When party President Bangaru Laxman was seen receiving Rs 1 lakh as a bribe on TV, the sacred bond of trust and expectation that people had reposed in the BJP was irreparably broken. It was as if Ram Himself had been sullied by the party. In one stroke, the difference between the BJP and the Congress was erased. Congress leaders had always been known to be dishonest; almost every Indian believed that Rajiv Gandhi had taken money from Bofors. But the Congress had never spoken of Ram or His values after Mahatma Gandhi's death; nor had it ever asked for votes to establish Ram Rajya.

It was the BJP that had generated the expectation that with its coming, Ram Rajya would become a reality. The onus, therefore, was on it to live up to its call and deliver. Failure to do so was always going to be viewed as a serious breach of faith. It failed and paid the price.

But has it learnt the right lesson, despite being rejected roundly? When it talks of return to ideology, does it really know what that means? Has it realised that people can be excited, incited, hypnotized, but only temporarily, to forget the reality of their daily lives by the force of religion? Has there been an awakening that the hypnosis has worn off and that many of its leaders, shorn of the glow of Vajpayee, have been seen for the petty, dishonest and greedy men they are? Does it still believe that their call to Ram or dharma is ever going to find the ears they seek?

Perhaps, there is still a belief that the practical and dirty craft of politics can somehow be married with Ram san His values. Perhaps the logic is that if the Congress can con, so can the BJP.

There is no other explanation for the series of disastrous moves that the BJP has made in the recent past. Picking of criminals and other undesirable candidates to fight elections, public courting of thoroughly corrupt individuals by its President Rajnath Singh, promotion of dynasties etc are all pointers to the reality that the BJP's cadre of committed workers and leaders has been overtaken by ambitious and amoral individuals who are in the game only for power and pelf.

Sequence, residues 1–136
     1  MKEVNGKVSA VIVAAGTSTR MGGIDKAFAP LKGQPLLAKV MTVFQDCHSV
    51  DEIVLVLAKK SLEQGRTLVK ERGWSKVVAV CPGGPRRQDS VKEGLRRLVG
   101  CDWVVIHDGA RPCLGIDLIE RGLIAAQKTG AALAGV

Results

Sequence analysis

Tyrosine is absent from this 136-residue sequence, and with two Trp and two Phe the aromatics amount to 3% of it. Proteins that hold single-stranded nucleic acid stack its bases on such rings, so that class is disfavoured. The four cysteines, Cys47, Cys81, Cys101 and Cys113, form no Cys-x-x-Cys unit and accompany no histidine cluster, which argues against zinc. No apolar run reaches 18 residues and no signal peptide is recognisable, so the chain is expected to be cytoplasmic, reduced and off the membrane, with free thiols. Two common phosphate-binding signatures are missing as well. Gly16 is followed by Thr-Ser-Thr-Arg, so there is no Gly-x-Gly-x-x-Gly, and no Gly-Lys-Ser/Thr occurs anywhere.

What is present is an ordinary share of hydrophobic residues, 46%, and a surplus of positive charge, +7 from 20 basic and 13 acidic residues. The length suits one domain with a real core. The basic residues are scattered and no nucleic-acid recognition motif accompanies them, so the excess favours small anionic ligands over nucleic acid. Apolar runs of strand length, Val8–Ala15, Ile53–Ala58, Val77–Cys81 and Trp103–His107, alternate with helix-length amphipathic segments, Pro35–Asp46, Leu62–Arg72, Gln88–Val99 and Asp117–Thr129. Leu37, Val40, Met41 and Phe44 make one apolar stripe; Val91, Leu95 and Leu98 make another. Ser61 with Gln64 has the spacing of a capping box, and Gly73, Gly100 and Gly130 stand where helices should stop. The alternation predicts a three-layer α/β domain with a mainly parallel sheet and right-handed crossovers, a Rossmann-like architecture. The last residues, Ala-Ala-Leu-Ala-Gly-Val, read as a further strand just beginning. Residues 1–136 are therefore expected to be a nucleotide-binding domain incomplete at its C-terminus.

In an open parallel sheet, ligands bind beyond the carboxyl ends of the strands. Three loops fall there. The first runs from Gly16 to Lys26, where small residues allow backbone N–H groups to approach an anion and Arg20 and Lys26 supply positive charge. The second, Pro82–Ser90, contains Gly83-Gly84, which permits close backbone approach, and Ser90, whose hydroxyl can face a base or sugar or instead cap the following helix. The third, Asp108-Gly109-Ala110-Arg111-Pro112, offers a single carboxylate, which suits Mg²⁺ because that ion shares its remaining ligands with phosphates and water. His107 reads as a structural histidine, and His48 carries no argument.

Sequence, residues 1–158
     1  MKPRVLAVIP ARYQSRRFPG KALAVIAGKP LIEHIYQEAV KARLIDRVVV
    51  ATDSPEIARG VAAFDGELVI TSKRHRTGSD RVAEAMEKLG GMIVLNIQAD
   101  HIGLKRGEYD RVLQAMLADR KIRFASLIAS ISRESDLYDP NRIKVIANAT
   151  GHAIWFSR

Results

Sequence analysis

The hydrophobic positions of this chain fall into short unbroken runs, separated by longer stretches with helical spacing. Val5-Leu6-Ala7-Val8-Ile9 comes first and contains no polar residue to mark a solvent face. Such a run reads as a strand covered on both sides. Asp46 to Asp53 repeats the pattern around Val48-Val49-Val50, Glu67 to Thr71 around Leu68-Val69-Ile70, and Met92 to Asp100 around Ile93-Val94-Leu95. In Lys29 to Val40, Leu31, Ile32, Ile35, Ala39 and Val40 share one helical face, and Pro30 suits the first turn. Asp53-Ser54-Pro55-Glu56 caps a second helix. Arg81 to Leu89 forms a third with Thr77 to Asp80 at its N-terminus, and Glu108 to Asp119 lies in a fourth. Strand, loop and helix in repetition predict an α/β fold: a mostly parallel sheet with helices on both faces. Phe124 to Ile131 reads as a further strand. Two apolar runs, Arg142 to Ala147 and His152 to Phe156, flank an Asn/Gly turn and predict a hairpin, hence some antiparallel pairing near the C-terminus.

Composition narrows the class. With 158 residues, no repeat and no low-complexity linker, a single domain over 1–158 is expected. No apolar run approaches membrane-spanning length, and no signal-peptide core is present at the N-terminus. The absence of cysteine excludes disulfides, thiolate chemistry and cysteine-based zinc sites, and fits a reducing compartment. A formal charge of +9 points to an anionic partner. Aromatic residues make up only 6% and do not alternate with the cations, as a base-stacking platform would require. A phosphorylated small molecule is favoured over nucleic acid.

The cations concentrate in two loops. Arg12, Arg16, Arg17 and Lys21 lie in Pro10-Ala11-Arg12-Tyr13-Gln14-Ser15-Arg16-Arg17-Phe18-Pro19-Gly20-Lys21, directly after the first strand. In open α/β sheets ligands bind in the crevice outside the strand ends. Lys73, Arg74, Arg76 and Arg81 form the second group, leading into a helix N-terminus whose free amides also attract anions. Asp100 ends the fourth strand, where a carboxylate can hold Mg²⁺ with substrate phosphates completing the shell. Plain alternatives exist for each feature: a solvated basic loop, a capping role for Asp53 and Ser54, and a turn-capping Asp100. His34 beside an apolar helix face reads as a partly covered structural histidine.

Look at what it has done in Jharakhand. It dropped the clean Babulal Marandi before the elections and lost badly. But greed has so overtaken commonsense that is has snatched from the arms of the Congress and embraced Shibu Soren, convicted of murder last year and with several other serious charges pending, and made him Chief Minister. The argument is that he has been acquitted. Are Indians idiots? Don't we all know how the legal system works? What should be more important for a party whose mantra is Ram? Perception of the people or skill of lawyers who are known to boast, with results to show, that they can get murderers proved innocent?

The BJP is now indistinguishable from the Congress from which it used to claim it was different. It is no longer possible to determine where one ends and the other begins. But one huge difference remains. It is the BJP, and not the Congress, that chants the name of Ram. That is why if it is seen to be following in the footsteps of Ravan, it is going to be punished.

There is a Hindi proverb "Bagal mein chhuri, munh mein Ram Ram" - a dagger in the waist and Ram on the lips - to describe a dishonest, dangerous and untrustworthy person who fools others by pretending that he believes in the exalted values of Ram. The BJP is now that person. It thinks it can keep Soren and others like him with itself and yet fool people into voting for it in the name of Ram, ideology, Hindutva, whatever. This is nothing but a recipe for disaster. The sooner the party realises it and sheds those who are guiding it into this treacherous channel, the better. For the party and for India.
Related Reading:
1. The RSS surgery: Will it help revive BJP?
2. Is the BJP's warship headed for Alang?